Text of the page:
Fleeting hopes for clarity and consolidation after New Hampshire’s first-in-the nation primary turned into an anti-climactic nightmare for Republicans on Tuesday night, as Granite Staters scrambled the race and delivered the worst possible result for an orderly contest.
First, unprecedented parity in the middle of the field allowed Donald Trump to romp, with just over a third of the vote, carrying every demographic group along the way. The vote share wasn’t enough to inspire sufficient fear in the rest of the candidates that they’d consider putting aside their egos, or even train their fire on the polling leader. But it demonstrates that Iowa — with its organization-dependent caucus system — was probably an outlier, and that Trump’s Field of Dreams turnout strategy (“If you build it, they will come”) might actually work. Moreover, the polls are doing a reasonable job of capturing Trump’s level of support, if slightly understating it. And with 65 percent of the vote divided among the non-Trump field, the candidates’ dilemma continues.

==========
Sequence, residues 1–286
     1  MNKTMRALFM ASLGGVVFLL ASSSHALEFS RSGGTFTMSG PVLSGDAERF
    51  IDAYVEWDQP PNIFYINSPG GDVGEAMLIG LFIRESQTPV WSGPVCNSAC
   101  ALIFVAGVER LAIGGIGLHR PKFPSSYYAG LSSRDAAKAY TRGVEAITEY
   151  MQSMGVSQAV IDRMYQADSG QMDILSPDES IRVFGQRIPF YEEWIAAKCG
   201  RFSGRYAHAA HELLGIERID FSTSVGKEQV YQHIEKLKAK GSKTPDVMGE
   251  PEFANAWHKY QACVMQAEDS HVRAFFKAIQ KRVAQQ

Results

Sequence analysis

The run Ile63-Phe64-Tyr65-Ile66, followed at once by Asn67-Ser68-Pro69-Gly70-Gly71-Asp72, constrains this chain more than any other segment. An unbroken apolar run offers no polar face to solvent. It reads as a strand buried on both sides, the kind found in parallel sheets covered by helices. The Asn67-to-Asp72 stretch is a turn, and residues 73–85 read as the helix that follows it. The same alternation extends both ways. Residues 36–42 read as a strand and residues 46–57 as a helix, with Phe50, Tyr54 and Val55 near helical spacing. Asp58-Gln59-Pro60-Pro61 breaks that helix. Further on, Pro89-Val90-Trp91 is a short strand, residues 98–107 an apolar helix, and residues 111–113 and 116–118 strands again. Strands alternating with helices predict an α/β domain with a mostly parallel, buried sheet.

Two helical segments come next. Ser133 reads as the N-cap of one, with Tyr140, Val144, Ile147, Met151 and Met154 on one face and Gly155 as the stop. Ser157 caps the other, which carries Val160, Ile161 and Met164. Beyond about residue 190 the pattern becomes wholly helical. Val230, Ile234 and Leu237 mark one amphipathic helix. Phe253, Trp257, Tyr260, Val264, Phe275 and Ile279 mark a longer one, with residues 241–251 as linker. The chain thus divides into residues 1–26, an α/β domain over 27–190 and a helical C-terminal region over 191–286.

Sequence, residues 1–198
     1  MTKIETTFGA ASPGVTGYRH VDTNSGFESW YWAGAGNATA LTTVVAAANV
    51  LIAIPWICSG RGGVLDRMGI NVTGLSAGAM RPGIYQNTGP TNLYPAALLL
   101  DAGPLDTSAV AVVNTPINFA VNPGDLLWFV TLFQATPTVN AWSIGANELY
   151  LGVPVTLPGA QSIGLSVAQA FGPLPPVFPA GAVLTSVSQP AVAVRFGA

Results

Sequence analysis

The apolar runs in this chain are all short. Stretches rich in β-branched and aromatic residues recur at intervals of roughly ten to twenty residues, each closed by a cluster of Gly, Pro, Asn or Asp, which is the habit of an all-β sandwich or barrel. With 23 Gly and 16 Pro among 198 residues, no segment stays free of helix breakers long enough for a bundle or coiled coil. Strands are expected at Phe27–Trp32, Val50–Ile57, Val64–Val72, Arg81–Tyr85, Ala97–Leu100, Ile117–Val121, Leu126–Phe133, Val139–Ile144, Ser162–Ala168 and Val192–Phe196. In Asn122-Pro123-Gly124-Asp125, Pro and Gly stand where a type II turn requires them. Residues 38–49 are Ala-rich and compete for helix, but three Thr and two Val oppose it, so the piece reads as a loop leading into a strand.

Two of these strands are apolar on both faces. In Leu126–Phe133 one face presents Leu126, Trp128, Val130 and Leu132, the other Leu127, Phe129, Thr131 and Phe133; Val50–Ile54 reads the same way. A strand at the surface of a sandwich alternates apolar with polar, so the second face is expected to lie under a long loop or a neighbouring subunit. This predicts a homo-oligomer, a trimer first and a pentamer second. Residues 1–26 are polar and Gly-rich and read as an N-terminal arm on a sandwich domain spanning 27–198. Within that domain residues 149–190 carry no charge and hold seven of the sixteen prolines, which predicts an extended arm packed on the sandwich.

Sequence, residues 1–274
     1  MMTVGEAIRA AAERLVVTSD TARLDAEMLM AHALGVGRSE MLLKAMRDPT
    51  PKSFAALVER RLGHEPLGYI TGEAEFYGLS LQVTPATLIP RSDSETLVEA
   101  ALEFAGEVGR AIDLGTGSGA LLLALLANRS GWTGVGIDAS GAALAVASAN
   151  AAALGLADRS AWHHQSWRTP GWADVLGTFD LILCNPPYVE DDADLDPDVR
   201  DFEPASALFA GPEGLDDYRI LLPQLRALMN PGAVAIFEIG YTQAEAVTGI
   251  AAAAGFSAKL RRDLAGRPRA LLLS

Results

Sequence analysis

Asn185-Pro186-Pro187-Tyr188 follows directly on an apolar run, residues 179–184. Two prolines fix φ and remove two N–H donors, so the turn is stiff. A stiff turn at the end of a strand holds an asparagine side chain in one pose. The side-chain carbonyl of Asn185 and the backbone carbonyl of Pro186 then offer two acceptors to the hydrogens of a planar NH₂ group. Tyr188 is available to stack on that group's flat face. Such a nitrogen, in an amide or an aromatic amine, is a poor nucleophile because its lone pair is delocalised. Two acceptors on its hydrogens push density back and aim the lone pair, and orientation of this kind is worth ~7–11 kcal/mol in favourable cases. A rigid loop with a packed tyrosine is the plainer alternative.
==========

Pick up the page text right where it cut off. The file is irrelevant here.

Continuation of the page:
The second big blow delivered by Granite State voters was the elevation of an unviable contender in John Kasich. Whatever his merits, Kasich’s is the sort of candidacy that has no shelf life outside of New Hampshire, where his performance was aided by explicit appeals to independent voters in the state’s hybrid primary system, in which undeclared voters can vote in either party. And, at least anecdotally, some Sanders fans were comfortable enough with a Bernie victory that they voted for Kasich in an effort to to stop Trump. Don’t be fooled by the media adulation of Kasich and the strange new respect from Democratic operatives. (Jon Favreau tweeted “Great speech from Kasich. Just seems like a good guy.” Dan Pfeiffer tweeted: “Kasich is quickly becoming the candidate that Dem operatives least want to run against.”) Kasich has no path. What he does have, for the time being, is a rationale to continue on. Perhaps he can enjoy a brief cash infusion and polling honeymoon and peel off a few points from the “establishment” lane in the upcoming states. More troubling is that his aim is simply to tread water until mid March, when he hopes to win Ohio’s 99 delegates, putting himself in the position to play kingmaker. At this rate, the only kingmaking this approach will facilitate involves Trump, and a paralytic mix of establishment ego and “strategery” might very well allow this to happen.